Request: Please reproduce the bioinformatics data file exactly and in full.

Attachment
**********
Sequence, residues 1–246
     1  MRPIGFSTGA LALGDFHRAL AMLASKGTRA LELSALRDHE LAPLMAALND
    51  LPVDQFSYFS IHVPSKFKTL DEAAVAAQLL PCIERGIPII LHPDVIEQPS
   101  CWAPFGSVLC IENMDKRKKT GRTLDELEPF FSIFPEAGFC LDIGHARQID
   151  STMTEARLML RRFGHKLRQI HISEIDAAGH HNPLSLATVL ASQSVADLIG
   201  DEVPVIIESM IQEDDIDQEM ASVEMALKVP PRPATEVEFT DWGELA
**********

Sequence, residues 1–246
     1  MRPIGFSTGA LALGDFHRAL AMLASKGTRA LELSALRDHE LAPLMAALND
    51  LPVDQFSYFS IHVPSKFKTL DEAAVAAQLL PCIERGIPII LHPDVIEQPS
   101  CWAPFGSVLC IENMDKRKKT GRTLDELEPF FSIFPEAGFC LDIGHARQID
   151  STMTEARLML RRFGHKLRQI HISEIDAAGH HNPLSLATVL ASQSVADLIG
   201  DEVPVIIESM IQEDDIDQEM ASVEMALKVP PRPATEVEFT DWGELA